PEN America: Preserving Controversial San Francisco Murals a Better Solution
Proposed destruction would have set a dangerous precedent for artistic freedom
FOR IMMEDIATE RELEASE
(New York, NY)—A proposed decision by the San Francisco School Board to destroy a series of controversial Depression-era murals at George Washington High School would constitute a serious threat to artistic freedom of expression, but a proposal to cover the murals without destroying them presents a sound alternative, PEN America said in a statement today.
“Destroying any work of art sets a dangerous precedent. And destroying one that has significant historic and pedagogical value like these would constitute artistic censorship and erasure,” said Julie Trébault, director of PEN America’s Artists at Risk Connection (ARC). “We’re relieved these murals, that have sparked discomfort and conversation, will remain. We would prefer to see them in the public view, accompanied by contextual information. But this compromise at least a good start. We hope the San Francisco School Board will continue to pursue alternatives to the murals’ destruction.”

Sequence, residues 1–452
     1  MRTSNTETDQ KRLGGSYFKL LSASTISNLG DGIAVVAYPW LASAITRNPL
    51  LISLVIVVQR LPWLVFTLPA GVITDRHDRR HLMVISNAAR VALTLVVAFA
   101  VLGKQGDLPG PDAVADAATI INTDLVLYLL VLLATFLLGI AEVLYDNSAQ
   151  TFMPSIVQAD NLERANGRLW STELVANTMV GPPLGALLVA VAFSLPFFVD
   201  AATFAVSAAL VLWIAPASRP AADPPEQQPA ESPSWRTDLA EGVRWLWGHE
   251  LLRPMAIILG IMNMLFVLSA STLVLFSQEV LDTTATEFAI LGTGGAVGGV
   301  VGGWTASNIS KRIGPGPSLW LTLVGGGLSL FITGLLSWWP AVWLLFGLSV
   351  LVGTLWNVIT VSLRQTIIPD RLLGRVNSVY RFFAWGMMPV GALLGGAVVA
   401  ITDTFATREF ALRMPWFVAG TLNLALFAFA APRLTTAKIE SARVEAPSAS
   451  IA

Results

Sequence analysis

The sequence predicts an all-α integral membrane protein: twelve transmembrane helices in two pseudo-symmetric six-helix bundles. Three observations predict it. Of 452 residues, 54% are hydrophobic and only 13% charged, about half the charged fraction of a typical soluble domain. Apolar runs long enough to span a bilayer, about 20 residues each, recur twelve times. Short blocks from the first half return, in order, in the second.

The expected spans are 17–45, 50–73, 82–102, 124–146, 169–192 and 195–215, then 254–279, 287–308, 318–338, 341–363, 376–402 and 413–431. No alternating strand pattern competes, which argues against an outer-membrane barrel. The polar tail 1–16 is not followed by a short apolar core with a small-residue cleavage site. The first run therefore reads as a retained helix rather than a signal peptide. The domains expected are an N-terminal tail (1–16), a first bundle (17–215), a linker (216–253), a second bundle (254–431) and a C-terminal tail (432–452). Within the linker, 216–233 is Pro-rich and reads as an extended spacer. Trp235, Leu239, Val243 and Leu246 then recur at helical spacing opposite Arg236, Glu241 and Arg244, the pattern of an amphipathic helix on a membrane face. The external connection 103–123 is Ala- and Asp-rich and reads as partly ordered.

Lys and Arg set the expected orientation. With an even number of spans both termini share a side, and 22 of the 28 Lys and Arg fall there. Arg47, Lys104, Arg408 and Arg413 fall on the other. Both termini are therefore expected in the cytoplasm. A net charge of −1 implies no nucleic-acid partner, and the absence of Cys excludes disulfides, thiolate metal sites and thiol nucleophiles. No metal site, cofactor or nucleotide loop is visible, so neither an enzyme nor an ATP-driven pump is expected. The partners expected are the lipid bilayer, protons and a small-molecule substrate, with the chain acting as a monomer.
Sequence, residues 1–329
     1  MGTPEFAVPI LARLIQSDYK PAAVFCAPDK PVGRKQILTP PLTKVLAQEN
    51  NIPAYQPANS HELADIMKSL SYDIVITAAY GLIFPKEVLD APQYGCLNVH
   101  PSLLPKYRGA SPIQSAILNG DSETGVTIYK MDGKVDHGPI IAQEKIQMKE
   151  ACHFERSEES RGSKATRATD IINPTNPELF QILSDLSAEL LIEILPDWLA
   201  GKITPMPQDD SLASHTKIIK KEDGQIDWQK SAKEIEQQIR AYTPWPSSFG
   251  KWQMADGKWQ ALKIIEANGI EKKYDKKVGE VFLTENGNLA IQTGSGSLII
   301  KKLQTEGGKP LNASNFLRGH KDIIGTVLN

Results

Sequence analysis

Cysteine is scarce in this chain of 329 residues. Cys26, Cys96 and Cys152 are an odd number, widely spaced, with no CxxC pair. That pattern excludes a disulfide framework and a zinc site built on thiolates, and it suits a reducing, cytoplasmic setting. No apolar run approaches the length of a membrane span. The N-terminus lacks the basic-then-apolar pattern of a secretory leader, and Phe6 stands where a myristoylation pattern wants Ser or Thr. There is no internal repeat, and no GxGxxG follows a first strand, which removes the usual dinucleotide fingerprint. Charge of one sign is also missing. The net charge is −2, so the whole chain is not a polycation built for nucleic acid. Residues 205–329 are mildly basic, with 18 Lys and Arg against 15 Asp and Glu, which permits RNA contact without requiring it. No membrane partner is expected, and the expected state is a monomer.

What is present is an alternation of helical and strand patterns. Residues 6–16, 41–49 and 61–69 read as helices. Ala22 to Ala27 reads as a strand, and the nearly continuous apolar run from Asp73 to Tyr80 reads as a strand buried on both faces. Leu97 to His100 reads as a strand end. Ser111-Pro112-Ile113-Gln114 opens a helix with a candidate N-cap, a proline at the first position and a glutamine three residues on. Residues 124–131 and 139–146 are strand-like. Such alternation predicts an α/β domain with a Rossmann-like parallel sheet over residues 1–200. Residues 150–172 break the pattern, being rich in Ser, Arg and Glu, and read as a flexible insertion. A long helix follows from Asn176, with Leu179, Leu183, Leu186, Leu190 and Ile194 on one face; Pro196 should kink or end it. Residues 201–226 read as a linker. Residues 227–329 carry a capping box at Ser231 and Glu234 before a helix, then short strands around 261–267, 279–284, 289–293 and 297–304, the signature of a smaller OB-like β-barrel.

The 1936 Victor Arnautoff murals, entitled “The Life of Washington,” were a project of the Depression-era Works Progress Administration. Recently, the murals sparked controversy after several parents at the school said the work was offensive for its depictions of African-American slaves and a dead Native American. In June, the school board unanimously voted to paint over the murals. Since then, however, a large number of organizations have come out in opposition to the murals’ destruction.
Over 8,500 people have signed a petition opposing the destruction of the murals, and over 500 artists, historians, professionals, and more signed an open letter to the school board urging them to preserve the murals.
PEN America supports the effort to find a solution that addresses concerns while preserving the works of art, and stands firmly in solidarity with those opposing the destruction of these, or any, works of art.
PEN America stands at the intersection of literature and human rights to protect open expression in the United States and worldwide. We champion the freedom to write, recognizing the power of the word to transform the world. Our mission is to unite writers and their allies to celebrate creative expression and defend the liberties that make it possible.
CONTACT: Stephen Fee, Director of Communications, firstname.lastname@example.org, +1 202 309 8892